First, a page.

OpenAI’s GPT-3 is a highly advanced language generation model that, provided a short prompt of a few words or a sentence, returns a new text that it believes is most relevant to the given context. A blog post by ZeroCater founder Arram Sabeti illustrates how GPT-3 can be used to generate everything from fake screenplays and rap songs to interviews and user manuals.
Although GPT-3 is still in a controlled beta, companies are already experimenting with it for customer service purposes and the technology holds tremendous promise for building advanced chatbots. The customer service start-up Sapling, for example, is using GPT-3 to rapidly and automatically generate suggested responses for customer service representatives who are handling users’ help requests, while the start-up OthersideAI uses GPT-3 to write emails on your behalf using a simple summary of what you want to say.
How can chatbots help your remote employees?
The technology behind chatbots is constantly advancing—but how can you take advantage of these developments and put them into practice in the remote workforce? Following are just a few ways that your remote employees can benefit from using chatbots:
Onboarding and training. Your new employees need to get up to speed fast, especially when they don’t have an office to go to. Chatbots can help walk recent hires through the onboarding and training process, helping them fill out the right forms and answering common questions.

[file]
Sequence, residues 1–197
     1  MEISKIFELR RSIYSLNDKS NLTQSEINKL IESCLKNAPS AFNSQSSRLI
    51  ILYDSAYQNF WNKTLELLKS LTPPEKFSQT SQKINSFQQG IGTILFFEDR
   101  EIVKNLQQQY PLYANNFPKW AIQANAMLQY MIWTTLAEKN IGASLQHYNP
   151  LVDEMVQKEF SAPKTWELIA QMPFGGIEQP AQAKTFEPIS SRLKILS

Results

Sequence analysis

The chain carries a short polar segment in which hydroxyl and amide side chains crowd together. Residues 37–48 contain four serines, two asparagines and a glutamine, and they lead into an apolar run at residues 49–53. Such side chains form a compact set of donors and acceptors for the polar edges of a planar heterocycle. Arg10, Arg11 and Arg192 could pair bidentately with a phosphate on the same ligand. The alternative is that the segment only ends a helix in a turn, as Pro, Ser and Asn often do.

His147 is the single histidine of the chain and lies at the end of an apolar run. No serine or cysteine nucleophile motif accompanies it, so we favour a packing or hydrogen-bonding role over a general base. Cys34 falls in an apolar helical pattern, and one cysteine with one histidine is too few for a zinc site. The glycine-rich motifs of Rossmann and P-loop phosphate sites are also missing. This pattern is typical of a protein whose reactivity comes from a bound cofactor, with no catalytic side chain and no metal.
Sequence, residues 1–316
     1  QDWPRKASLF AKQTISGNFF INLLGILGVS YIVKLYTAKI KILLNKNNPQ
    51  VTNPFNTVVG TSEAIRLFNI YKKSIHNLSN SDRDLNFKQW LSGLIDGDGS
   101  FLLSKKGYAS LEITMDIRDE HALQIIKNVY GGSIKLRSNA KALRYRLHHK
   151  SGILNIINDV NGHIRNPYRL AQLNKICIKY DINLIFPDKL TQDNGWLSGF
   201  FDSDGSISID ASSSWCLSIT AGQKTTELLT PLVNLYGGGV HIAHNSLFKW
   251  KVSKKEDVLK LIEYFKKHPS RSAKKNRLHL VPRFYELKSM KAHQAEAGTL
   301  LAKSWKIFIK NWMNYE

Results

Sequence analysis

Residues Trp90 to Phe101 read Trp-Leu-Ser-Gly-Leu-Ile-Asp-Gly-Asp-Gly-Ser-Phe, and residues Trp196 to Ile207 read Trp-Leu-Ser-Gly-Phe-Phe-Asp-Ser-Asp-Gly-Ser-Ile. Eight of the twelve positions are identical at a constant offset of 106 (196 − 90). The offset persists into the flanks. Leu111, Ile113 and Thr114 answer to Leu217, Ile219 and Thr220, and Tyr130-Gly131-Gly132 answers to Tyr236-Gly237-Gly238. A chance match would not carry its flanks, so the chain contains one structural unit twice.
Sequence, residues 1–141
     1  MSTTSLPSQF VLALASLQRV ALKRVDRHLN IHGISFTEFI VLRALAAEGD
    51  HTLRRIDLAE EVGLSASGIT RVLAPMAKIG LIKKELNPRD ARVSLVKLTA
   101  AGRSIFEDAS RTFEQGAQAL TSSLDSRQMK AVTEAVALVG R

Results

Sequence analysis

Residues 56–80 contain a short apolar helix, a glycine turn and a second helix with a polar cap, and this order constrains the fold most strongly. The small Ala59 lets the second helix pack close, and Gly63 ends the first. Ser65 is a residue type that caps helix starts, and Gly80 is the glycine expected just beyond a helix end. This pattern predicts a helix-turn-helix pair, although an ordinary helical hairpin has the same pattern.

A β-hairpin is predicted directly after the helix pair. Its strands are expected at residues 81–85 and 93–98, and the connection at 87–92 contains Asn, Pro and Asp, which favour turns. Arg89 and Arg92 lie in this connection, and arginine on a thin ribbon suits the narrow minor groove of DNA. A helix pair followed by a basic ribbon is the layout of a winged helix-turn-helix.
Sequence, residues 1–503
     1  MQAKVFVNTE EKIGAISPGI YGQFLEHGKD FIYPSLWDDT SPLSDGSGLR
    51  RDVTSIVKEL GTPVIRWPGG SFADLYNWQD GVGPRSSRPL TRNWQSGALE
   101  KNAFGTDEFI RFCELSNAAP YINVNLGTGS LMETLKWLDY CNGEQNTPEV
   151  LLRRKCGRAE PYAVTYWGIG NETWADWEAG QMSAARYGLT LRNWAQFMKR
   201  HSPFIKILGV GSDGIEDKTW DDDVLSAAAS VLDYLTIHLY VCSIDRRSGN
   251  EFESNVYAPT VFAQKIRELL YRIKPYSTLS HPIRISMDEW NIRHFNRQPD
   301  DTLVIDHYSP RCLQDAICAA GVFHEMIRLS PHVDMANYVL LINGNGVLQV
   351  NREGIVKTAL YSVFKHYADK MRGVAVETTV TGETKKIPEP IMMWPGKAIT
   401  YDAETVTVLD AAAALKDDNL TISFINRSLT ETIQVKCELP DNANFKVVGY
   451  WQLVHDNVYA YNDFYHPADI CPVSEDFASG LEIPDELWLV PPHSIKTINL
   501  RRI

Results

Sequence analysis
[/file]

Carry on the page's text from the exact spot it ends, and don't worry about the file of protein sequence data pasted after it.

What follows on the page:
Support. Telecommuting means that it’s harder for employees to get technical support—after all, you can’t bring in your faulty hardware or software for an in-person inspection. This, in turn, makes the work of remote IT teams harder than ever. By offloading simple IT help requests to an automated chatbot, employees can get answers faster and help desk workers can breathe a little easier.
Productivity and efficiency. Chatbots can help employees accomplish their tasks faster in their day-to-day activities—and these small enhancements add up over time. If you are searching for the location of a recently accessed file, for example, you can ask a chatbot to open the containing folder (or simply open the file directly).
Workflow automation. In addition to simpler tasks, chatbots can also perform a great deal of heavy lifting behind the scenes. For example, chatbots can remind sales representatives to follow up with a promising lead. Once the conversation is over, users can provide the relevant information to the chatbot, which then creates a new entry in the organization’s sales CRM software.